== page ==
Notes of Meeting 2 October 2014, Portcullis House

Members present: Geoffrey Clifton-Brown, MP, Dan O’Neill, Clare Rusbridge, Carol Fowler, Harvey Locke. Marisa Heath
Guests: Dr Fiona Cooke (Local Government Survey), Ray Woolmer (Companion Spaniel Project), Rob Flello, MP (Chairman, APGAW Dog Strategy Group)
Apologies: Lisa Richards, James Yeates

1. APGAW Dog Strategy Group Update (Marisa Heath)

The current strategy overview is still in draft form but will be finalised shortly. Its four main issues are:

  • Dog control (breed specific legislation, dangerous dogs, dog attacks, stray dogs)
  • Dog breeding, dealing and trade (health and welfare of puppies and dogs, backstreet breeders / dealers / puppy farms, importation, online selling)
  • Responsible dog guardianship (behaviour and training, care, vet treatment, owners, handlers, etc)
  • Dog identification (compulsory microchipping, registration, etc)

Post Pup-Aid debate, Rob Flello, MP, will write to local authorities (LAs) with excerpts from Hansard explaining more clearly the roles, powers and responsibilities of LAs. Current legislation does give LAs considerable powers but issues relate to interpretation and enforcement. LAs often justify lack of action based on funding constraints and non-statutory requirements. The reality is that there is no new Government funding for dog wardens/inspectors and LAs will not use non ring fenced funding for this purpose.

In the current financial and political climate Marisa Heath suggested that the KC Assured Breeders Scheme (ABS) could offer an option for self-regulation in breeding. The ABS has shortcomings but also benefits and opportunities. A plan might be that the KC administers the ABS and feeds the results to LAs. LAs would then charge lower fees for ABS members compared to non ABS licensed breeders. LAs would inspect all licensed breeders but ABS members less frequently. The KC would benefit by more breeders being brought into the ABS. Funding could be sought from a small levy on pet food being directed to a Dog Board who would fund wardens/inspectors in LAs. This is simply an idea that is being aired.

2. Update on Canine and Feline Sector Group (CFSG)

A meeting took place on 24 June, however, Minutes are not yet available. As soon as they are CF will circulate to members of DBR. It is understood that CFSG agreed to invite representatives from the Dog Advisory Council to join its membership, a development which is much welcomed. We were also informed that Marisa Heath has been appointed Secretary of CFSG, which is also welcomed. The appointment will provide an important link with APGAW and also with DBR.

3. DEFRA and Companion Animal Welfare

We note the fact that companion animal welfare is not adequately provided for within DEFRA, nor has any response been given to the various papers and recommendations submitted by the Dog Advisory Council. There seems to be a lack of understanding within DEFRA of the need for independent welfare advice. Instead there is reliance on groups which comprise industry representatives. Farm animals have some protection from the Farm Animal Welfare Committee (FAWC) but there is no functioning equivalent for companion animals. This disparity we feel is something which should be addressed by DEFRA and the Animal Health and Welfare Board for England (AHWBE). Geoffrey Clifton-Brown will be writing to the Chairman of AHWBE to this effect.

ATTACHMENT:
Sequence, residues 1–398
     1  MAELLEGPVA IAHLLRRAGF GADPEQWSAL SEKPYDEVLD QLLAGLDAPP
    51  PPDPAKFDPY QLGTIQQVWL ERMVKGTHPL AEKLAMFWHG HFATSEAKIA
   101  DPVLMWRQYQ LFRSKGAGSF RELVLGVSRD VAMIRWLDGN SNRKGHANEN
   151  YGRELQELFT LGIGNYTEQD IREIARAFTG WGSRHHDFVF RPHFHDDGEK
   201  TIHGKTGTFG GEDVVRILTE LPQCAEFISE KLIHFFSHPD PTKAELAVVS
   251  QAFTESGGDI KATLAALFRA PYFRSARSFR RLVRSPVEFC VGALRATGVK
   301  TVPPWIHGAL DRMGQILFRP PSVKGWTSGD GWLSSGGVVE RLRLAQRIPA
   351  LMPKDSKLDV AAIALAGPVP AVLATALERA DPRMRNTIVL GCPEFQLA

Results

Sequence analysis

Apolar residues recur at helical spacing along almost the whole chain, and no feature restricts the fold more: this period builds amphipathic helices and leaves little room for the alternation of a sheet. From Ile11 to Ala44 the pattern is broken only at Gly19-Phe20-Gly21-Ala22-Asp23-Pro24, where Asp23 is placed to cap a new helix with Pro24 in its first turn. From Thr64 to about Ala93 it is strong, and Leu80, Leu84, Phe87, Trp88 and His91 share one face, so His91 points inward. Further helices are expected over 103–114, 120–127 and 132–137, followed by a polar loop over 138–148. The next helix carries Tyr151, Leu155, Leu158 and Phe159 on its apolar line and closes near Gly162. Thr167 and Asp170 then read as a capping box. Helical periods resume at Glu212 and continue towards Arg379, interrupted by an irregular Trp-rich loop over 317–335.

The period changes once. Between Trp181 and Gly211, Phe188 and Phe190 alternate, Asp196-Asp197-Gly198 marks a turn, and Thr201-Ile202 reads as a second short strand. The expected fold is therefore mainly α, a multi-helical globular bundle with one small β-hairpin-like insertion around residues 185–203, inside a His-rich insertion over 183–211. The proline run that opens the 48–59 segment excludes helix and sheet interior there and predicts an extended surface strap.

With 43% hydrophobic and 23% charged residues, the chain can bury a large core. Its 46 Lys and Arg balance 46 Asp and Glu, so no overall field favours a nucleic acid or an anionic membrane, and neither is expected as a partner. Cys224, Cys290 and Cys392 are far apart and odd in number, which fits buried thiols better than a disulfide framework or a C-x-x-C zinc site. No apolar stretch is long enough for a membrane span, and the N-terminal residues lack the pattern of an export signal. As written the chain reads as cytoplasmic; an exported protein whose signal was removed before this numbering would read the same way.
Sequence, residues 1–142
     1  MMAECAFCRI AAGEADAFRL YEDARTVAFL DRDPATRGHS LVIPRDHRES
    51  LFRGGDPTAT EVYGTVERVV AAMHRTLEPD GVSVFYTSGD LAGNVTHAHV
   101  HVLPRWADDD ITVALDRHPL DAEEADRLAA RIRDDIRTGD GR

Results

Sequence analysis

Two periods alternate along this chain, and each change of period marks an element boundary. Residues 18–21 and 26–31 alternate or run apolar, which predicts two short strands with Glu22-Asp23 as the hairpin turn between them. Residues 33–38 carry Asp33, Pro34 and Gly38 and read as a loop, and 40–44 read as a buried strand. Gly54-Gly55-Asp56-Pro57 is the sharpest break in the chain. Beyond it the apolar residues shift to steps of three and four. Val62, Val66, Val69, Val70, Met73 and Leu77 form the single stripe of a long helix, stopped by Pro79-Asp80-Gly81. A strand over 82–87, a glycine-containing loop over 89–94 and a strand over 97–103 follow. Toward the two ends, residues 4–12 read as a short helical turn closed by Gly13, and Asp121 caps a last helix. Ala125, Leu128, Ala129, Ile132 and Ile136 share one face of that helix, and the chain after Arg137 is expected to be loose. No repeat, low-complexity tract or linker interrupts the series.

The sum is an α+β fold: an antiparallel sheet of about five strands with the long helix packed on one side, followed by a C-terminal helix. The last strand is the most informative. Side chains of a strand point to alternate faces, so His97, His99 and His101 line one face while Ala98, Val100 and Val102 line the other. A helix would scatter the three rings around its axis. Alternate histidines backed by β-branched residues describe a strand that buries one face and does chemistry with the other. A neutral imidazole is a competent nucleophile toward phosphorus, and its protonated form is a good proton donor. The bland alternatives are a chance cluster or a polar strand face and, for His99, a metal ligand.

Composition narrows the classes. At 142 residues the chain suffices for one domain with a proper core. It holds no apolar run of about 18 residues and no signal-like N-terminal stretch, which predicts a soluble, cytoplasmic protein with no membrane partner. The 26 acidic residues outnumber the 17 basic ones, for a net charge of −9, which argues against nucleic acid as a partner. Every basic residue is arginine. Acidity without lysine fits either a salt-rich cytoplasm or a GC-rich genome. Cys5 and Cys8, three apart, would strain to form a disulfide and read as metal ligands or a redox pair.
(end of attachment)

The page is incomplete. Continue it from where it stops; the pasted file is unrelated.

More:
4. Local Authorities and Dog Welfare (Dr Fiona Cooke)

Fiona outlined her findings in her PhD study into the role played by local authorities (LAs) in animal welfare. She identified huge disparities in LAs’ understanding and application of the Animal Welfare Act. Animal welfare is spread across 18 departments in LAs. There is a huge variation in fees for licensed dog breeders, often based on historical precedent or differing ways in which the funds are being used. There is often little or no expertise in welfare or specifically companion animal welfare in the persons with responsibility in these areas. The proportion of LAs with an AW inspector rose from 40% in 2009 to 60% in 2011 but these roles may have been nominal and it is not clear that there was an actual increase in the work carried out. Only 11% of inspectors engaged in animal welfare work on a daily basis. However, 70% of AW inspectors reported that the Animal Welfare Act had made the implementation of their tasks easier. LAs often contract out their dog welfare statutory requirements (stray dogs) and the holders of these contracts are not necessarily licensed. The police have responsibilities for dangerous dogs.

Geoffrey Clifton-Brown suggested that the approach to effective implementation of dog welfare action by LAs could mirror a recent successful approach taken towards shotgun and firearms licensing by police constabularies.

5. Companion Spaniel Project (Ray Woolmer)

Ray outlined his ideas for a project to breed healthy companion Spaniels suitable as family pets in the 21st century. The long term aim is to breed small Spaniels with the typical temperament of the Cavalier King Charles Spaniel but without the genetic diseases which plague the CKCS breed. He plans to use his working Cocker Spaniel foundation bitch with a Cavalier with a good heart background and without SM (age of the dog and MRI scan to be performed as late as possible). In the coming weeks he will be visiting two other like-minded breeders and hopes that the idea of the project will expand. It is understood that breeding back to a Cavalier in the second generation is not possible and another breed will need to be chosen for the F2 generation. All offspring will need to be carefully monitored, including MRI scanning, using the BVA/KC scheme. Ray is looking for support from individuals and organisations, including the Kennel Club. He intends to work with Tom Lewis at the KC and possibly Sarah Blott, at the University of Nottingham Vet School. Both are canine population geneticists. CR suggested that her PhD student at the University of Surrey, Penny Knowler, may be interested in this project and suggested that Ray speak with Penny. Penny’s study is an investigation into aspects of the inheritance of CM and SM.